Cake Central › Cake Forums › Cake Talk › Cake Decorating › Please tell me why my fondant is always cracking
New Posts  All Forums:Forum Nav:

Please tell me why my fondant is always cracking

post #1 of 62
Thread Starter 
around the top edge of my cakes. Even when I try and pick it up after rolling, it would sag. I made MMF so I thought it needed more sugar. That didn't help. Thought my kitchen was too warm, I rolled it out too thick, too thin in the middle, too much shortening and nothing worked. So I bought some good fondant and the same thing happened, although not as much. This last time, with the bought fondant, it lifted better and as I put it on the cake it starting to tear at the corners immediately. I quickly put it on and then cut the excess off the bottom and held the sides to keep it from further tearing and cracking. I put some glycerin on and it seemed to help, but my fondant looked awful.

It's obviously me. I'm just extremely frustrated and have cried a few times.

Thank you for any advice you can give me. I have another cake to do for this weekend and I dread doing it. This is not how I want to feel.
post #2 of 62
I am by no means a professional, and still have my fondant problems, but I had alot of those fondant problems when I was rolling out my fondant with powdered sugar, it was just absorbing too much sugar and would dry out. I started using just alittle cornstarch to roll out my fondant and it works so much better. If you notice your fondant getting to dry, add water and re-work it. The less you play with fondant, the better.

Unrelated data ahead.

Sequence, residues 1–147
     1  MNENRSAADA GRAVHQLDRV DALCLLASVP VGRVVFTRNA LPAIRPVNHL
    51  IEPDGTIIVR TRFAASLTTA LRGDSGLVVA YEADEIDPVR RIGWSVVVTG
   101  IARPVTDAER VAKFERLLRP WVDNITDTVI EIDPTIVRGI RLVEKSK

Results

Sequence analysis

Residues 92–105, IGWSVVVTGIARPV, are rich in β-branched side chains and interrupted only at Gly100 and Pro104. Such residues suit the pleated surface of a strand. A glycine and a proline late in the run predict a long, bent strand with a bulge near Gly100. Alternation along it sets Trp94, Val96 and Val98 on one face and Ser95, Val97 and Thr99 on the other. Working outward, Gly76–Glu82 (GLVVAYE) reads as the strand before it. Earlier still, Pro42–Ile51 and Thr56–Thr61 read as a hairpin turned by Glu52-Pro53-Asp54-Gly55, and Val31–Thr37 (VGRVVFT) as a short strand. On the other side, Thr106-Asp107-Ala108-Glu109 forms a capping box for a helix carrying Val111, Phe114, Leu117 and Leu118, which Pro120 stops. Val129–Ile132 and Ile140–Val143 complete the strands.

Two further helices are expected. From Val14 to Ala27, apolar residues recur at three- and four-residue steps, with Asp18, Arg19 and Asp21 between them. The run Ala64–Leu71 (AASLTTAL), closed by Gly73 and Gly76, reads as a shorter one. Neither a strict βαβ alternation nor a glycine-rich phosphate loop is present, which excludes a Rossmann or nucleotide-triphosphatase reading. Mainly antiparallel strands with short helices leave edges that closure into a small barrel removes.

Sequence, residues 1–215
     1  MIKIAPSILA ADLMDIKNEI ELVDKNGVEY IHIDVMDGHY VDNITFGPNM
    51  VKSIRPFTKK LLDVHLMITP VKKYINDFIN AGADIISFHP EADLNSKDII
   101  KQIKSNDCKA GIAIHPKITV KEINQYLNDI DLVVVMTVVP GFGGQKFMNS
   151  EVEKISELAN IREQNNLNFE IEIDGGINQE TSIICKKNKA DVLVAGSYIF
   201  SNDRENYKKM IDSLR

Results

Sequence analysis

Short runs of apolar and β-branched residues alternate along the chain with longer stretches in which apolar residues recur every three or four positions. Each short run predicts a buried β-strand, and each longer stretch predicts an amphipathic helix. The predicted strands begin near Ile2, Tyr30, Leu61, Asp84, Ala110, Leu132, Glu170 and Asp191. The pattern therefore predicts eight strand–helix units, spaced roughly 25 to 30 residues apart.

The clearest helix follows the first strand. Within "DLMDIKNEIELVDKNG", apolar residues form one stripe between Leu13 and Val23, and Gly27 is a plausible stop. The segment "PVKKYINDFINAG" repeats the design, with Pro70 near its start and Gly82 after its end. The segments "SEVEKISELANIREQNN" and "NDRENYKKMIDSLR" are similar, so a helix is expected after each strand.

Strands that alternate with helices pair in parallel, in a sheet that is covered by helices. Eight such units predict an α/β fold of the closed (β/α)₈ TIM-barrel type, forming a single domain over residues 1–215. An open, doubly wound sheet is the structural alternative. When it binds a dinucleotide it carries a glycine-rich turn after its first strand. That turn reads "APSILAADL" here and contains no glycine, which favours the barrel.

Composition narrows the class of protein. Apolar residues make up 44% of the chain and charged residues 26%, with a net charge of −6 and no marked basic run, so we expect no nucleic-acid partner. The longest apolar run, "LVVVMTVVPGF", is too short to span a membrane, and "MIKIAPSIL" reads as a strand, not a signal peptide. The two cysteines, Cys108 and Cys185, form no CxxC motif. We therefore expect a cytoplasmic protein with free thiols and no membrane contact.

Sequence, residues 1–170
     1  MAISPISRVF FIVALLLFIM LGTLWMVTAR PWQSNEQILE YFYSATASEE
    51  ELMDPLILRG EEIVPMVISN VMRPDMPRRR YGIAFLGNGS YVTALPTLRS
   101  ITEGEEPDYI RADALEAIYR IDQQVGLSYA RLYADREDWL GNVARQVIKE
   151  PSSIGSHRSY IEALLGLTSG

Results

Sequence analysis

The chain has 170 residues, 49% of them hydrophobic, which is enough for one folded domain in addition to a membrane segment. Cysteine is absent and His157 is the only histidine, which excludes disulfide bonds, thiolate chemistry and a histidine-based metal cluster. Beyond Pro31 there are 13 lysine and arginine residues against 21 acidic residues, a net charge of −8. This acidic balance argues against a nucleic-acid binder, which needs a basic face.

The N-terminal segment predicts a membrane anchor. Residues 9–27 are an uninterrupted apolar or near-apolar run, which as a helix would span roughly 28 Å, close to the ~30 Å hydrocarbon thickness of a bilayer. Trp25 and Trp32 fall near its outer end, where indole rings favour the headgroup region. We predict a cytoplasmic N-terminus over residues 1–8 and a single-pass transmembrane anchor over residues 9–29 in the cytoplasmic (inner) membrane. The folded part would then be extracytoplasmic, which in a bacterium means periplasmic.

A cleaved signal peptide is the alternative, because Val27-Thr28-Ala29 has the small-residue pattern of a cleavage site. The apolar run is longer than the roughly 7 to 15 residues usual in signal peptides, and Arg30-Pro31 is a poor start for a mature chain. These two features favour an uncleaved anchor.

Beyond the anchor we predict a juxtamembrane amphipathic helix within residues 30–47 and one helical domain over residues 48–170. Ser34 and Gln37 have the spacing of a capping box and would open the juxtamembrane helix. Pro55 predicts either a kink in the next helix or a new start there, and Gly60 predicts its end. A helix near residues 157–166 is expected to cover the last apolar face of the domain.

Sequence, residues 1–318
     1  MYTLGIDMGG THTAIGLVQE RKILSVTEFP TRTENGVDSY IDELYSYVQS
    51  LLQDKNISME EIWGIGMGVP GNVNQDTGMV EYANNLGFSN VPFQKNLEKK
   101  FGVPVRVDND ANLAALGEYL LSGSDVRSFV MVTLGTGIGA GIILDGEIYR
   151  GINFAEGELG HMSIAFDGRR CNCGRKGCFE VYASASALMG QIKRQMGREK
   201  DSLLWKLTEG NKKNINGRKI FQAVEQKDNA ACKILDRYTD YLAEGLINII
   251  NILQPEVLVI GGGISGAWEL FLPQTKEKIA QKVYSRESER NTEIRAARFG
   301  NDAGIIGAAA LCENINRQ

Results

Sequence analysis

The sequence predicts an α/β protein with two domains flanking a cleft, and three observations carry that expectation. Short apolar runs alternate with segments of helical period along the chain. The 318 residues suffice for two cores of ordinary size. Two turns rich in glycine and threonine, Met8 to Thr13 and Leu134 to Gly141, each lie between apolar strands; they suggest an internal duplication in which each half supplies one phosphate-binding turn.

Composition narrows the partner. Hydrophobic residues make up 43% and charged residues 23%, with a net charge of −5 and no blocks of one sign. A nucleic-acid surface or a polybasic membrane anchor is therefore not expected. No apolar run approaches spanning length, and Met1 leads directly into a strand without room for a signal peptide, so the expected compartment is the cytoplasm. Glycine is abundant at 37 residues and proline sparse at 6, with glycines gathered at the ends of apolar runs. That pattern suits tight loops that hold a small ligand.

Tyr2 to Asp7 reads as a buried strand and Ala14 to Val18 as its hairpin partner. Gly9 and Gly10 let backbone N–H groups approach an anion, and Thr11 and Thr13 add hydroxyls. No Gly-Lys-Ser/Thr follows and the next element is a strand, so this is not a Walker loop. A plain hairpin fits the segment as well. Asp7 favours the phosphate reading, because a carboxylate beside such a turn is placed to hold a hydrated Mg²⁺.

post #3 of 62
I'm in agreement with rvercher23! If you do want to put PS on your work surface, don't kneed in so much PS. Does that make sence?! icon_confused.gif Lets all just face it...FONDANT IS A PAIN IN THE A*& SOMETIMES!!!! icon_eek.gif
Hope, Love, Laugh! Live for today! You never know what tomorrow might bring!
Reply
Hope, Love, Laugh! Live for today! You never know what tomorrow might bring!
Reply
post #4 of 62
Thread Starter 
maybe I put too much cf on the homemade mmf.

With the fondant that I purchased, I just kneaded it to get it soft and I used a light brushing of corn starch and that was it. Could it be that it is too thick and the weight of it is the cause? I also heard that the fondant needs to adhere to the buttercream, so maybe I'm doing something wrong with the buttercream.

I'm sorry I don't have a pic to post.
post #5 of 62
Weight can cause it to tear if it is too thick. When you make your mmf, are you letting it rest overnight? I never used to do that, and it was always horrible to work with, but since I started using Rhondas ultimate mmf, and I let it rest until the next day, it is so much easier to work with. I also spritz the cake with water to get the fondant to adhere to the cake.
post #6 of 62
Thread Starter 
you know what , I have almost always used the fondant that same evening. I have not heard about spritzing. Maybe there's hope yet !!!! Do you happen to know where I might find the recipe? I'm excited to try it out. Thank you for your help.
post #7 of 62
Just a warning about the "spritzing" - be VERY light with it ... more like a misting (dont ask me how I know!) Because once the MMF is made .. MMF + Water = a worse mess! The water will eat thru your fondant and you'll have more tearing than you EVER had b4!!
Good Luck!
I'm NOT 40 something ... I'm $39.99 plus shipping and handling!!

~*~*~*~*~*~*~*~*~*~*~*~*~*

Words from the lovely caterer Goldy: "When in doubt; Bundt"
Reply
I'm NOT 40 something ... I'm $39.99 plus shipping and handling!!

~*~*~*~*~*~*~*~*~*~*~*~*~*

Words from the lovely caterer Goldy: "When in doubt; Bundt"
Reply
post #8 of 62
The recipe is in the recipes section. Yes, use only a small amount of water, just enough to get the fondant to stick to the buttercream. I only use water because after the buttercream crusts, the fondant doesnt stick to it that well.
post #9 of 62